So why is this a problem? Why shouldn't we do this; after all, there are more white superheroes than any other race! Sure, I get that. Again, the goal isn't to be hurtful, people are simply wanting to be inclusive. The issue is that regardless of intentions, this is hurtful and it isn't inclusive, not in the way that we should be striving for. What it does is it looks at anyone who is white and says, "you don't matter. Your roots and racial identity will be sacrificed and made to seem unimportant because it makes some folks feel better about themselves."
That's an awful way to go about life. It also sets some really nasty precedents. After all, the reverse of this doesn't work, does it? Would everyone be breaking ticket pre-sale records if T'Challa was being played by Ryan Gosling? Hardly. People would be wondering why arguably the most famous black superhero of all-time was suddenly being played by a white man. Heck, they'd straight up be insulted, and rightly so. The outrage shouldn't be any less if a white character is arbitrarily switched out, too.
I'm not suggesting that we need to stray from making superhero movies more integrationist. What I'm saying is, highlight the black and brown characters that we already do have. Falcon is one of the coolest, most entertaining characters in Captain America's inner circle of friends. I don't need to make Steve Rogers black when Sam Wilson already is. If we want to experiment with a black Captain America, do it organically. Pass the mantle. But don't take an establish, decades-old character and dip them in paint and tell me they're black all of a sudden. It's pandering, it's insulting, and it's immensely disrespectful to the multitudes of POC comic book heroes that have been created over the years.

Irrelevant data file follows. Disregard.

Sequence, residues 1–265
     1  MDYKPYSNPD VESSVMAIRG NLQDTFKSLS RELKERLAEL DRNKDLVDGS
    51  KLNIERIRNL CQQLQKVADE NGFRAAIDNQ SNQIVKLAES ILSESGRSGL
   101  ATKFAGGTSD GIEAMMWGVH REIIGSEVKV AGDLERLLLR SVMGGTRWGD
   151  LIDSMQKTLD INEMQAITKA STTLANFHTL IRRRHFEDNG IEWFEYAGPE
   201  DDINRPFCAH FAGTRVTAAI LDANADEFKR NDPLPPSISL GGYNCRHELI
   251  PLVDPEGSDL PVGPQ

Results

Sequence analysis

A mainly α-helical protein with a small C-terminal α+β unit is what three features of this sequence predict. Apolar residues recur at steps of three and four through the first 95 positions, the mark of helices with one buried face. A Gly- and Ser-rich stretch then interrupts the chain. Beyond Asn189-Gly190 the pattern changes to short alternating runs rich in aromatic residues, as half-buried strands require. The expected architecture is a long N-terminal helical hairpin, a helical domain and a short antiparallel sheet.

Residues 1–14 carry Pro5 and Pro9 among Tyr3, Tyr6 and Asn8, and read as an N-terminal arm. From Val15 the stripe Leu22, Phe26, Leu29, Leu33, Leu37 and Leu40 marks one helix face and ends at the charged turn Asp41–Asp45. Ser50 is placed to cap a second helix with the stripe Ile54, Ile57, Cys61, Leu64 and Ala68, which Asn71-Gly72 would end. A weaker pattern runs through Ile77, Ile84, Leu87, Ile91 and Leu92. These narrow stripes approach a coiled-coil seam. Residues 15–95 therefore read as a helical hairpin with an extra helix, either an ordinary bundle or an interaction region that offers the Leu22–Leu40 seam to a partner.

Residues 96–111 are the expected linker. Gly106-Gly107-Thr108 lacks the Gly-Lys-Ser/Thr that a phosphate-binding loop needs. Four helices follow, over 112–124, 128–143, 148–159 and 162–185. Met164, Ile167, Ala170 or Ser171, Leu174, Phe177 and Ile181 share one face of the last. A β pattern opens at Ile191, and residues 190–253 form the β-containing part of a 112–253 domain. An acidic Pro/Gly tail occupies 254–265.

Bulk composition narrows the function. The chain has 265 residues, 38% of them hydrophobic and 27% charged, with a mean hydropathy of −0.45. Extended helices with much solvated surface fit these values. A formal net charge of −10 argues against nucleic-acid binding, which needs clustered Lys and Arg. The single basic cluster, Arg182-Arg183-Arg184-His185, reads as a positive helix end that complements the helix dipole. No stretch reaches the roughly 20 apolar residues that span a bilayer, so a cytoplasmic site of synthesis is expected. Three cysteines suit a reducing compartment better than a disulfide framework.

I get that there are racists out there who simply don't want to see a POC superhero, period. They don't want diversity, they don't like minorities. Race-swapping doesn't make that go away. What it does is it further increases racial tensions by trying to push that some races are expendable and others are not. This is nonsense. This is dangerous. What needs to happen is what the comics themselves have been doing for eons: grow characters organically. Amadeus Cho is a freaking awesome character who naturally took on the mantle of the Hulk. Marvel didn't just take Bruce Banner and declare, "oh, he's Asian now!" They instead crafted an Asian character (with an Asian writer, no less) who became a real part of Banner's world and earned his place.
I can't imagine comics without Amadeus Cho, or John Stewart, or Hobie Brown, or Kamela Kahn, or Kate Kane, or Riri Williams, or any of these other excellent, diverse characters that have been created across the history of the medium. Mantles can pass, different people can take on the identity of a superhero... but what can't happen is the systematic targeting of white characters and their subsequent "painting over" to lazily appease a segment of the fan base.
I'll leave with this: one of the laziest arguments I've seen of late regarding race-swapping is that Superman's race doesn't matter because he's an alien. Yes, Superman is indeed an alien. An alien who was created by two Jewish young men who crew up poor in Cleveland as the children of immigrants. This alien was an allegory for the immigrant experience in America as their parents experienced it, and as they experienced life as minorities. Superman's fair skin and dark hair is a reflection of their lives, of their experiences, and of the world that they grew up in. Unless only one color of skin of immigrant matters all of a sudden, the idea that Superman is ready for a race-swap is emblematic of just how misguided and mindless the practice actually is.